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AD BREAK: Actors/characters do commercials, Earth continues spinning
July 14, 2009  | By Diane Werts
hillbillies corn flakes.jpg

The Flintstones smoked Winstons. The Clampetts hawked Corn Flakes. Ozzie & Harriet loved their kitchen's natural gas. And Hogan's Heroes savored their Jell-O. (The favorite food of every POW camp!)

So what's the big deal with commercials being incorporated into the new sketchcom Michael and Michael Have Issues (Wednesday at 10:30 p.m. ET, Comedy Central)?

Ad Age reports that stars Michael Ian Black and Michael Showalter will do spots in six of the season's seven episodes, for advertisers like Dunkin' Donuts and Mike's Hard Lemonade -- your standard young-guy-demo sponsors. Klondike bars are pitched in this week's premiere, says Ad Age, and also on the web in a Michaels online micro-series.

hogans heroes jello commercial.jpgThe article treats this like some amazing innovation. But TV's first few decades (late '40s-early '70s) were full of it. Series stars routinely shilled both in and out of character, and not only in the commercial breaks. The early '50s George Burns and Gracie Allen Show wrote their sponsor Carnation's instant milk right into the scripts, finding ways for George and Gracie to discuss the productwith household visitors.

Somewhere along the way, a church/state wall seems to have gone up between program content and outright product pitching-- but you could argue that old-time star shillery is a bit cleaner than today's "product placement," where you're never sure if a brand name is mentioned because of script intent or sponsor dollars. Everybody knew way-back-when that these commercial testimonials were ads -- even kids knew, and even if characters like Granny and Jethro were doing them.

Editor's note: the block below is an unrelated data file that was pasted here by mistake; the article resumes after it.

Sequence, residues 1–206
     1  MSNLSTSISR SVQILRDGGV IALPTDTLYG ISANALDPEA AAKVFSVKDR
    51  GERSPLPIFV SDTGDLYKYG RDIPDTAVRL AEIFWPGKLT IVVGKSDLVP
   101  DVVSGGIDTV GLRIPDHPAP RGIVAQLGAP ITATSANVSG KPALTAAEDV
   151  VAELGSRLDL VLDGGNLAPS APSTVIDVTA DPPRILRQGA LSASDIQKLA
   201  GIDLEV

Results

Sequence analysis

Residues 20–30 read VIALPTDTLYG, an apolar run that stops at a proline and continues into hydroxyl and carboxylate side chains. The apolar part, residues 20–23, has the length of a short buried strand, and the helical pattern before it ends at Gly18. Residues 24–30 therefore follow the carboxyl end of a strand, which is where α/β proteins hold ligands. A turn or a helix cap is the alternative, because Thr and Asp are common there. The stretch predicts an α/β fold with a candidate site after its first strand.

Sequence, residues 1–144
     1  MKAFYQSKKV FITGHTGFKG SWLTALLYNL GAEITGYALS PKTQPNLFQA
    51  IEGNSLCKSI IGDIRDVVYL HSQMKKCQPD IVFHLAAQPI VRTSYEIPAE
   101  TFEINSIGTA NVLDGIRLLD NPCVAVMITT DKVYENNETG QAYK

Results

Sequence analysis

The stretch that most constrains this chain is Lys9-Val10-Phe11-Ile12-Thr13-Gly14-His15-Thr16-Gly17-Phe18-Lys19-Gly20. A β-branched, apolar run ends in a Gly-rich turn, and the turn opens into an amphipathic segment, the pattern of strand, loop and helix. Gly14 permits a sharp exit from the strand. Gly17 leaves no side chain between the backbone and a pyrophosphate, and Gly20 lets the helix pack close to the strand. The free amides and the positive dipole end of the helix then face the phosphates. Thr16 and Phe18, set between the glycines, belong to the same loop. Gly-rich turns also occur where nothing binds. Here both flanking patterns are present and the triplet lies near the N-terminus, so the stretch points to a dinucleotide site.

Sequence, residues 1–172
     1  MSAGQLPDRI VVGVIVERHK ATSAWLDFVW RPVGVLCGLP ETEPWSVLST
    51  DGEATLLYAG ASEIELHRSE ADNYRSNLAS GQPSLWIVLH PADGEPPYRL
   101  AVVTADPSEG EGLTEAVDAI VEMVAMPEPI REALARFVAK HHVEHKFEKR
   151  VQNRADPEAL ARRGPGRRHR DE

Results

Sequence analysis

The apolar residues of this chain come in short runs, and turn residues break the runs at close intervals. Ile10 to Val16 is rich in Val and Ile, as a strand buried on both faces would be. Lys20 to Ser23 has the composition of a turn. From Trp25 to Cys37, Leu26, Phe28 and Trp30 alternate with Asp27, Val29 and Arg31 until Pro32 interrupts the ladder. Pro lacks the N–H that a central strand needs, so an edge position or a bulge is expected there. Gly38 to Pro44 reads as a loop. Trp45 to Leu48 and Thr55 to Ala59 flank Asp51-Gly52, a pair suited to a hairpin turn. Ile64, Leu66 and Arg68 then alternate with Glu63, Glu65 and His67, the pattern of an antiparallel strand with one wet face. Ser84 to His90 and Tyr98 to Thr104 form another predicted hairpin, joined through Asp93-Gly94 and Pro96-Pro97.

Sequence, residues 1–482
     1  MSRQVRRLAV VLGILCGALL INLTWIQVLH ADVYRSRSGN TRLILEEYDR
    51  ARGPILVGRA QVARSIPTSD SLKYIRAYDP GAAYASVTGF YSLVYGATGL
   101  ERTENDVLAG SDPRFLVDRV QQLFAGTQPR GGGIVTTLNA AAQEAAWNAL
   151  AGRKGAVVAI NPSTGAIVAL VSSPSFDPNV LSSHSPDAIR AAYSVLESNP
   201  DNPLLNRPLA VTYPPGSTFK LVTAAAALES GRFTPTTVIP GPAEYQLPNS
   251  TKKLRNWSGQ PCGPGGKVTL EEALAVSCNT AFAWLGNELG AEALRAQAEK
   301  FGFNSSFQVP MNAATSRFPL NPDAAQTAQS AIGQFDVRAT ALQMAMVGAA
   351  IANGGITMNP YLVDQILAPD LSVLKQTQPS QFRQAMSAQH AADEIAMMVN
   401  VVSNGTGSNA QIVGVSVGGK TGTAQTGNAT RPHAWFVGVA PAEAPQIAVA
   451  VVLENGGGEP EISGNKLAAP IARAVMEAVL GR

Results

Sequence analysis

lucy desi cigarette commercial.jpgBesides, they were fun, and often funny. (We're lucky that some TV DVD sets have included these in-character commercials among their bonus features, among them The Dick Van Dyke Show, The Beverly Hillbillies season sets, and I Love Lucy, where Lucy and Desi smoke Philip Morris, before tobacco ads were banned from TV in 1971.)

Of course, sponsors actually put their names in the titles of shows in TV's earliest days of Colgate Comedy Hour, Texaco Star Theater and Westinghouse Studio One.

And somehow, both the republic and the medium survived.




Mac said:

Maybe it's too early, but I would have expected some opinions here. Though I was born after the scripted radio show era passed, I've heard enough old transcriptions to know that radio is really where all of this started (unless Macy's paid Charles Dickens to write "A Christmas Carol"). Jack Benny, more than Burns & Allen, was a master of this kind of thing (Jello,the coconspiritor once again).

But the ways that entertainer and sponsor are in cahoots today is much more disturbing. Mike's Hard Lemonade has about the same alcohol content as beer, but both drinks can cause trouble, no matter how many disclaimers surround the message. Doesn't the beer/sports hero matchups of the past show us that this is not a good combination. Michael Ian Black looks like he could pass for 18 (I suspect part of the reason for his limited success -- in reality he's approaching 38). Many a 12 year old will be watching this. Comedy Central, even if they poopoo this officially, know that the 12 year old of today is their core audience of tomorrow. It's just a live action Joe Camel. The goofus guy doesn't drink Sunny D, he's into (literally) harder stuff. You, too, kids.

Now,"Mad Men" receives monies from Jack Daniels. That show could never get a bottled water company to sponsor it -- everyone drinks booze (even one of the kids). But that show isn't expecting 12 year olds in the audience. And, in fairness to the sponsor, much of the stories show some of the negative sides to excessive alcohol consumption (the kid has her first hangover).

One wonders if the Comedy Central guys are ever caught in a DUI, that the sponsors or the channel will reconsider this matchup. That would make an interesting episode of "South Park".

Farmer said:

Good pairing: Apple and The Office (or, better yet, Ed).
So-So pairing: Prudential and 30 Rock.
Bad Pairing: Gortons and NCIS.
Just awful: ShamWow and Are You Smarter than a FIfth Grader.

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